Sleep is a big issue for me and most people with mental health conditions that I have spoken to. Depression, Anxiety, Elevated Moods, PTSD – all of these things are (understandably) amazing at causing insomnia.
Insomnia leads to overthinking which generally only ever makes things worse, those of us fighting off depression and anxiety end up trapped in a seemingly never ending loop. In people with bipolar disorder, lack of sleep can actually trigger hypomania or mania – I find that the less I sleep the less I think I need to sleep, my mind is wired and excited thinking about how I can renovate the house, fix the situation in Syria or start my own cooking show and sleep when you don’t ‘feel’ tired is the last thing you feel like doing. But alas, even though I feel I am being productive my body cannot sustain it and it only makes the crash back to earth later that much harder.
So, we agree that insomnia is not a good thing, but how on earth do we prevent it? Unfortunately the answers are pretty much all those pesky commonsense things that the doctors all recommend…
No screens for an hour before bedtime and definitely no screens in bed!
Psychologists everywhere say the bed should be for two things Sleep and Sex but I know that in this day and with the dawn of artificial light a big proportion of us have TVs, phones or tablets in our room and once we snuggle under the covers we tend to pull these out. Hubby and I usually go to bed at night and then watch a movie before we go to sleep, sometimes if the movie is bad enough, it can actually HELP with sleep, but on the whole, the artificial light from screens is far from restful so perhaps if you are not feeling tired or you are feeling particularly anxious try to have a further half an hour of screen-free wind down time before you commit yourself to trying to sleep. Things you could use to wind down may include:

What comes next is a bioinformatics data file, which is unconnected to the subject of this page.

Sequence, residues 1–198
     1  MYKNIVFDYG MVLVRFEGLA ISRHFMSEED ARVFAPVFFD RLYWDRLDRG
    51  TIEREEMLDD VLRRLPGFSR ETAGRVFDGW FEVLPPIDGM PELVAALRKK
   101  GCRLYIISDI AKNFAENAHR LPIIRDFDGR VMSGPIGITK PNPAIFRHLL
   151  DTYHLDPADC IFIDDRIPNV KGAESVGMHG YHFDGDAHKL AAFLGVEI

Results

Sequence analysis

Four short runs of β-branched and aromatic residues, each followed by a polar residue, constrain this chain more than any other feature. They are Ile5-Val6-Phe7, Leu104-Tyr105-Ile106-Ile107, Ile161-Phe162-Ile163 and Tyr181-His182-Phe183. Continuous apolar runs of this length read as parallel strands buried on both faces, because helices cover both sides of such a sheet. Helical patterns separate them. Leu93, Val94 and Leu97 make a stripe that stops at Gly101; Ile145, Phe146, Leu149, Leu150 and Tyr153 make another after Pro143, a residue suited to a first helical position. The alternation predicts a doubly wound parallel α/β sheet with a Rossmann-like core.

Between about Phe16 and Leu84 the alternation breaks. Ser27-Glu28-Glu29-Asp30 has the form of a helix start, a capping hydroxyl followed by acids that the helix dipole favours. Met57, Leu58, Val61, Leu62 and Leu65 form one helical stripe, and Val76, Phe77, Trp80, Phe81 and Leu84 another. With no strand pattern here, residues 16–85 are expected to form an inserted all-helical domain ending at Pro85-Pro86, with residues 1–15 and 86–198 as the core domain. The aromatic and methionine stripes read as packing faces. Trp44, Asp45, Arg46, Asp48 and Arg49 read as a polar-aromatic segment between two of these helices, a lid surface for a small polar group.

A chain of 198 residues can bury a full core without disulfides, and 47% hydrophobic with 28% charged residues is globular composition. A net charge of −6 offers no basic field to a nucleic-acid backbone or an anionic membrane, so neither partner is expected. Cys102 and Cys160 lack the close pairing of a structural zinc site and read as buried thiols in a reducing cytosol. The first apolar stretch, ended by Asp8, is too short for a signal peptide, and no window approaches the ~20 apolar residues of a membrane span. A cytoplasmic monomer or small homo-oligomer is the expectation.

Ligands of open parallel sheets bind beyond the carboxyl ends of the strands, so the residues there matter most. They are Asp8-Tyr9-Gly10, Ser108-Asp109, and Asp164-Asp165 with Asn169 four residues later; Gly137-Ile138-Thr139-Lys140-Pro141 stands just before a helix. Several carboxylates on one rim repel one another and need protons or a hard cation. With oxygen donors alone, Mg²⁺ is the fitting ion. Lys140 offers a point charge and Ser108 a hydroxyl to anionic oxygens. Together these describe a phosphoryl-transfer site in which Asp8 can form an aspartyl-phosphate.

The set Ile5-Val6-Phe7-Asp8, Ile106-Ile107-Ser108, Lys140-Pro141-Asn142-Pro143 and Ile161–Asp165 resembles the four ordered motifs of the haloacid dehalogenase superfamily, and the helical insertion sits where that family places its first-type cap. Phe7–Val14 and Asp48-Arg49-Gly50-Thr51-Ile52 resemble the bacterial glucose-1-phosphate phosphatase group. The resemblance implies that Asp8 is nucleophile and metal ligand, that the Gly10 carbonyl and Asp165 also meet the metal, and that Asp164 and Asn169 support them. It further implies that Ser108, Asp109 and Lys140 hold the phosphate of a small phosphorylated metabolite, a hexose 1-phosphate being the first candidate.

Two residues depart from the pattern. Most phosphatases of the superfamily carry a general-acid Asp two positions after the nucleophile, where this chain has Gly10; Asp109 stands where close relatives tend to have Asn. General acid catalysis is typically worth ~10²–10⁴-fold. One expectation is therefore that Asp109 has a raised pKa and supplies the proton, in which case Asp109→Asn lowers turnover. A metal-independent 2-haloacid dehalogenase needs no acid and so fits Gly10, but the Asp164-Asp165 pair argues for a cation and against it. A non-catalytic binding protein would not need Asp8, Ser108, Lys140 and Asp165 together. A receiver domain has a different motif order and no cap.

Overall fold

Some other things you can do to try and improve your sleep cycle:
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